How to best prepare for a child custody case for the working parent – How do I maximize the time I get with my children?

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By Adam Sandoval

Establishing a Parenting Plan can be an incredibly stressful, especially during these uncertain times. Whether you are welcoming the birth of a new child or learning to co-parent apart, there are steps you can take now that will lay a better groundwork for yourself later. When courts decide child custody arrangements there are two main factors they consider: 1) How to provide the child with as much stability as possible; and 2) How to preserve the existing bonds and relationships the child has with both parents. To set yourself up for success consider the following:

Establish a Clear Routine

A clear routine will provide your child with stability and consistency as they continue to learn and grow. It is often tough to be a working parent and to maximize the time you can spend with your children. When creating a clear routine, be honest with yourself and recognize what you can and cannot do. Establish a routine that will fit your schedule, allow you the time you need for yourself, and maximize the time you can spend with your children. A clear routine that you and your co-parent can both follow will set an important pattern that a Court can easily follow. Often times the simplest solution is the best one and courts will often work to preserve a schedule that already exists when setting a Parenting Plan rather than creating an entirely new one. This will allow the Court to provide the child with stability and offers the Court the assurance that the Parenting Plan is workable.

Keep Good Records

One of the most frustrating parts of establishing a Parenting Plan is the lack of clear and credible information available to the Court. Believe it or not, some people even lie to the Court. Even when no one is lying to the Court, it is easy for different people to remember the same event differently. Establishing clear records provides the Court with a solid baseline to evaluate your case. It is important to keep accurate records of the things that concern you the most. Some examples of things to record include:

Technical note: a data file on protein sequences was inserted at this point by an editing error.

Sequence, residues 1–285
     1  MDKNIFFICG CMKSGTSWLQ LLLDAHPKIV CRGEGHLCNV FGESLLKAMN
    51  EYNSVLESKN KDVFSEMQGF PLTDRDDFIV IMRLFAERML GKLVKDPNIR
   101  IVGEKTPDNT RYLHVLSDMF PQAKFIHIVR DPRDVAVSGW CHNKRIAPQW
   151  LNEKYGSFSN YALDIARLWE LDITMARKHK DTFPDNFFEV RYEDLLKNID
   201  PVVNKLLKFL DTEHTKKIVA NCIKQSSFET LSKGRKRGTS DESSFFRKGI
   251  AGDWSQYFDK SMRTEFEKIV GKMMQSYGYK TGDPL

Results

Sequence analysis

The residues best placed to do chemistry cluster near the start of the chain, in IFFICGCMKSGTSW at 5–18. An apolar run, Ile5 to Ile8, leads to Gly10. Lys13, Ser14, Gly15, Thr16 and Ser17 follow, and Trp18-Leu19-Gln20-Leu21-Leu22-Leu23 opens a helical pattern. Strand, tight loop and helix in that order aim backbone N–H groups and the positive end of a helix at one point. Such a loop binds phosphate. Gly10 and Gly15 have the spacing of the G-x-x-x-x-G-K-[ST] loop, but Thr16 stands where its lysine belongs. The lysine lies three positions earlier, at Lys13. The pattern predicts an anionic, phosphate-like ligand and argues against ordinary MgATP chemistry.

• When visitation occurred and for how long.
    • Keep records of the dates and times you spent time with your children.
    • Document any changes to your existing plan and the reasons why you made a change.
  • Communicate by email as much as possible.
    • Written communication establishes a record that you can look back on later if you and your co-parent remember things differently.
    • When communicating by email (or at all) be reasonable and write with the assumption that a Judge may be reading your messages later.
  • Write down any conflicts or disputes you may have with your co-parent and the steps you have taken to resolve your disagreements.
    • If you and your co-parent can not agree, you may need a Court to resolve the dispute. Establishing a clear record from the start of a dispute will allow the Court to see the whole picture.
    • Document the efforts you have taken to reach a compromise. You do not want to appear unreasonable before the Court and trying to reach a compromise will only improve your image before the court.

Be Reasonable

Our children are often the nearest and dearest things to our hearts, and it is easy to get stuck on our own ideas of parenting. Do not let your own emotions keep you from being reasonable. At the end of the day, your child will be spending a significant amount of time with each parent. Seeking compromises will only help your child in their transitions between households. Not all disputes can be settled with compromise, however, it is important to at least make the effort. When disputes do require the Court to get involved, your efforts to compromise and negotiate with your co-parent will only show the Court that you are being reasonable.

If you have any quesitons about creating or modifying a parenting plan, the attorneys at Gravis Law can help. Please give a call and schedule a consult.